7th September, Kelham Hall, Newark


The Society of Ancients and The Lance & Longbow combined as usual at Kelham Hall for The Other Partizan, Newark's early Autumn show.   

The display was Phil Steele's Northampton 1460 which was constructed for the Northampton Battlefields Society, formed last year because of the threats to the historic battlefield (which is currently open park land and golf course) - NBS has both a website and a Facebook group.

(behind the displays, the NBS banner lists the battle of Northamptonshire)

The society's principal concern is the 1460 battlefield at Delapre Abbey, but on foundation it was asked to widen its brief to encompass the other battles of Northampton and other important battles within the county such as Edgecote (1469).   

I should add, perhaps, that the great ECW battle at Naseby continues to have its own support network (the Naseby Battlefield Project) but there is considerable interaction between the project and the town and county society.

(The Battle of Northampton at Delapre viewed from the South-West - from behind the Eleanor Cross)

The evidence relating to the battle at Delapre has been collated and evaluated in a recent CMP (Conservation Management Plan) by battlefield archaeologist Glen Foard (the man who found Bosworth) and this has been accepted by the council (though many implementation hurdles remain to be negotiated).
(the Battle of Northampton at Delapre viewed from the North - from the direction, say, of the castle)

The report makes clear that the balance of evidence is that the battle took place in the park (then Hardingstone's open fields) adjacent to the nunnery, overlooked by the Eleanor Cross.   

When de Waurin refers to the emplacements 'behind a little river' he almost certainly refers to the Fullbrook, a stream that crosses the park, not to the massive river Nene that cuts the fields here off from the town itself.

Reconstructions that butt the king's position up against the meandering river are almost certainly wrong according to current scholarship (I should add, perhaps that the majority of contemporary - or 'near contemporary' - accounts place the battle in fields - so in the park - not meadows - which is what flanks the river).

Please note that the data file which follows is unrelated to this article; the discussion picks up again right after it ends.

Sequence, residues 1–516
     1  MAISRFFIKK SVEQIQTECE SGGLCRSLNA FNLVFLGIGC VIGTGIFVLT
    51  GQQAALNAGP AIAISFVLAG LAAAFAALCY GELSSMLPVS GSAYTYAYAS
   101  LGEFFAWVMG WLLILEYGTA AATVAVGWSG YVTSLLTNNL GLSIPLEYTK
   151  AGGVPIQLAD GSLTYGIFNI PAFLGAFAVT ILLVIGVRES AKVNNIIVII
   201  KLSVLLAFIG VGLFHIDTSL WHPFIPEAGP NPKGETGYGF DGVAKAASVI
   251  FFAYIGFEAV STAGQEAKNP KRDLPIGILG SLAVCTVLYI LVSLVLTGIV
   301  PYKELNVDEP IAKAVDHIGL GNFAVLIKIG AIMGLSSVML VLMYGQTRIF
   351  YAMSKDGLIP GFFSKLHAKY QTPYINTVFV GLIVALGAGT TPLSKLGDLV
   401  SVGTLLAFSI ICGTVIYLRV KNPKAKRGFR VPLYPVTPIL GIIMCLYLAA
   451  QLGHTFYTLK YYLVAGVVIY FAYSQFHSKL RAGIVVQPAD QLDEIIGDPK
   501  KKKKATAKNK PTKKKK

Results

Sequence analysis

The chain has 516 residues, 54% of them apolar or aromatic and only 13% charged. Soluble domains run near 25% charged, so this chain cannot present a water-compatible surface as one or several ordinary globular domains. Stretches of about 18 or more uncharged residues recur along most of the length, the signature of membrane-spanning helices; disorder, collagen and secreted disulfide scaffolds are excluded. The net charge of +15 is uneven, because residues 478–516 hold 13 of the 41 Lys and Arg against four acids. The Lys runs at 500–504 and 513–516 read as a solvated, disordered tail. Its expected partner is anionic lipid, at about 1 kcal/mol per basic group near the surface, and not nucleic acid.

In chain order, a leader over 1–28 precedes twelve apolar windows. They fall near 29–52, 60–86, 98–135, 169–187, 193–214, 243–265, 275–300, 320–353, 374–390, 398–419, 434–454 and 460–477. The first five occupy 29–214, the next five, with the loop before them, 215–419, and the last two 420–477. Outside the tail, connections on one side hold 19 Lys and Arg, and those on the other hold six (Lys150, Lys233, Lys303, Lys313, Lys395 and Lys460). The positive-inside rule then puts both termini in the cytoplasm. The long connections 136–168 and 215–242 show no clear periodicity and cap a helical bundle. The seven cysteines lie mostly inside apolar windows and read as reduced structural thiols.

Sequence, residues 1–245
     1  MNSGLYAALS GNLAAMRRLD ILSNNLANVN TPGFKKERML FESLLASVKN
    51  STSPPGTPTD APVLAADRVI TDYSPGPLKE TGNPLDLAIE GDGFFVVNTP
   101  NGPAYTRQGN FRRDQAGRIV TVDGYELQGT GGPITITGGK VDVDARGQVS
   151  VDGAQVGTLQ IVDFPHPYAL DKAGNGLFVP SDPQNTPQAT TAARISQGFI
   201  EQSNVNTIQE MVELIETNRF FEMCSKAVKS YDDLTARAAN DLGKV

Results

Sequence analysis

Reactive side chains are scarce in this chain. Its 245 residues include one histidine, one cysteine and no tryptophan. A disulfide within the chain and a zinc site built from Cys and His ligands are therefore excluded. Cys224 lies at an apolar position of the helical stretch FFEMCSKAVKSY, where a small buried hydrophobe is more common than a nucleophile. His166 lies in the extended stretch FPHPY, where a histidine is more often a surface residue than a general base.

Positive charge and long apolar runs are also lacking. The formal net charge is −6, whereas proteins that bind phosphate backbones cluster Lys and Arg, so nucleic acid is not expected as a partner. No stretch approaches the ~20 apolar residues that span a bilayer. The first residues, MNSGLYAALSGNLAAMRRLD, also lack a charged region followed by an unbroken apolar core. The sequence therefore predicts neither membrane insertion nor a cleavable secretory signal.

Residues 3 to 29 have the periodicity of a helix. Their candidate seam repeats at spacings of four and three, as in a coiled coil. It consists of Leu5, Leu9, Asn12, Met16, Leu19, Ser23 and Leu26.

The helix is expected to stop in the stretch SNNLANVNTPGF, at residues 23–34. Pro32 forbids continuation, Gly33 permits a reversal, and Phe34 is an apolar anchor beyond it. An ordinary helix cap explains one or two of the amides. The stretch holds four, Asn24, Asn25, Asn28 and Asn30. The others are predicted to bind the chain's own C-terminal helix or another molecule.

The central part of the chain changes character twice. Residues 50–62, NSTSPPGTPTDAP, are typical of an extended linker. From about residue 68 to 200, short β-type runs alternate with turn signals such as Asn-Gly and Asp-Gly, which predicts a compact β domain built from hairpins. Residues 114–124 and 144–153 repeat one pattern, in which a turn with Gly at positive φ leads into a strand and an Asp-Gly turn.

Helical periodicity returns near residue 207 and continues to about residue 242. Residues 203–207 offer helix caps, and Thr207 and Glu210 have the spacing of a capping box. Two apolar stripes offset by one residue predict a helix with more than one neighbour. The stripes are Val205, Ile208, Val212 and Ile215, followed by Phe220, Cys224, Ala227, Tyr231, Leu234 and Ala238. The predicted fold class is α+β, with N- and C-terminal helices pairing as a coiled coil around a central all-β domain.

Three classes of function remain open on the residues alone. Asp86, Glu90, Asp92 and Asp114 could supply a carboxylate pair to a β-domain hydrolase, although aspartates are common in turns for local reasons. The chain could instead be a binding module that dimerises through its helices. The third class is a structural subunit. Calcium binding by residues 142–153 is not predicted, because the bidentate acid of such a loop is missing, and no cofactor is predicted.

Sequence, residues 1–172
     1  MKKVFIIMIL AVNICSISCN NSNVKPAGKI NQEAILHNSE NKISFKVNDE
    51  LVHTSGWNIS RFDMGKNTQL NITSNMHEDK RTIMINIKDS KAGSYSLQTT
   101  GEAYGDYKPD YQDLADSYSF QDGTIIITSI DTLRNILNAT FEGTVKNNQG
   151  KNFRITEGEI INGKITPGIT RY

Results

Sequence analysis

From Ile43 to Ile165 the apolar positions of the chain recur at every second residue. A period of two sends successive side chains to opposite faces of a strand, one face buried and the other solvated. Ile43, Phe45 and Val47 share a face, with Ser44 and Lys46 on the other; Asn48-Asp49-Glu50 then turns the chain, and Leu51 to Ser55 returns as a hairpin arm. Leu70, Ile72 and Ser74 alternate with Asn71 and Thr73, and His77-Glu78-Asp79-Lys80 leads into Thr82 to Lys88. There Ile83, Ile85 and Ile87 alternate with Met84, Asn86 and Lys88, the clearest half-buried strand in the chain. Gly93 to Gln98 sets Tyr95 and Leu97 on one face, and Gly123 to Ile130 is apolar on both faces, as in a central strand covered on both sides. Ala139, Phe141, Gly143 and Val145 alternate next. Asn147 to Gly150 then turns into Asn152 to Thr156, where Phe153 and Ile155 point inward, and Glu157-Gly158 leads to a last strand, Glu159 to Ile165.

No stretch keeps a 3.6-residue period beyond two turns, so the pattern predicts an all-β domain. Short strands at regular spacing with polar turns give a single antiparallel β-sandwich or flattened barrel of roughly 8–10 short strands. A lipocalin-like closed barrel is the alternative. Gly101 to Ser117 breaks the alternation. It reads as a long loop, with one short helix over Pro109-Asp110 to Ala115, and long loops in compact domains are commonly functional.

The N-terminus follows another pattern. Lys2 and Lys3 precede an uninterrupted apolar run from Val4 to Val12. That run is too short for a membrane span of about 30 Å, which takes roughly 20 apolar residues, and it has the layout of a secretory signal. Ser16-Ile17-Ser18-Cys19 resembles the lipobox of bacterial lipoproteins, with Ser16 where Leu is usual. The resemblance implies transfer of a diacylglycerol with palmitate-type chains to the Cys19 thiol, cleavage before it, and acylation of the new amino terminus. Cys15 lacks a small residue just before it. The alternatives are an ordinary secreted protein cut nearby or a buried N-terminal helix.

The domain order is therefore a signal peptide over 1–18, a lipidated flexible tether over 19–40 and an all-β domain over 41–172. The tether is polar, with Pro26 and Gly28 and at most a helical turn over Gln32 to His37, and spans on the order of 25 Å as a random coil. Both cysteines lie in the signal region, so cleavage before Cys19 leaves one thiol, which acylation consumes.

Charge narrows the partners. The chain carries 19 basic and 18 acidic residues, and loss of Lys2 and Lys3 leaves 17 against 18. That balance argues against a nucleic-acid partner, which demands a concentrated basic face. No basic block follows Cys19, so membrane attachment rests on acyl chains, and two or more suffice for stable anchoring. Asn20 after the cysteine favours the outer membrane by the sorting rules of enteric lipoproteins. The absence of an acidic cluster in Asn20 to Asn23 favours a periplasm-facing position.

(archbishop Bourchier and the Papal Legate Francesco Coppini watch the battle from the Eleanor Cross)

Yorkist partisans archbishop Bourchier and the Papal Legate Francesco Coppini watched the battle from the Eleanor Cross, so the Hardingstone cross, which remains in situ, is one of our reference points for locating and orientating the battlefield.

(the Hardingstone cross today - shown on the anniversary of the battle)

Frustrated with Buckingham's refusal to grant Warwick and audience with the king, the Papal party on the hill excommunicated the Lancastrian army.   
We have no direct reference to what effect this may have had ... although the Lancastrians did, of course, go on to lose, and there were no permanent memorials erected to their fallen.

(Warwick's cavalry had a sharp action on the London Road in the preliminaries to battle - 15mm figures by Mirliton)

This project is part of an ongoing campaign to understand the battle better and to publicise its historic story and its present challenges.   

We will be taking a playable version of the battle to Derby early next month and we will have battlefield guides and info forms on the stand.

The other crowd pleaser at The Other Partizan was Simon Miller's collosal Pydna game ...

(Pydna panorama)


This was a huge project but involved a large number of participants and was played throughout the day.  

The rules were Simon's forthcoming To The Strongest (see more on Simon's blog) and feature grid zones and playing card activation.

(Pydna: a view of the battlefield through the gates of the Roman camp)

(Numidians and elephants thunder forward on the Roman wing)

A Society of Ancients member, Simon has done an excellent job of drawing enthusiasts and show organisers into these projects ... Time was when I might have reported from Partizan that ancient warfare was poorly represented.   

Now it is the star of the show.

Elsewhere ... 

I spotted a good looking Dark Age game and a snowy GNW-ish battle in Skane ...

Having laboured hard in the past to get snowscape-compatible basing in the past I was quite impressed how comfortable the visuals were with unmodified 'rock and grass' basing on the white boards.

Also at Partizan, Wargame Developments had their Doodlebuggers game (well most of it) all geared up to to blow V1s out of the sky (usually onto Southend pier or flattening the now famous shed in Bob Cordery's garden).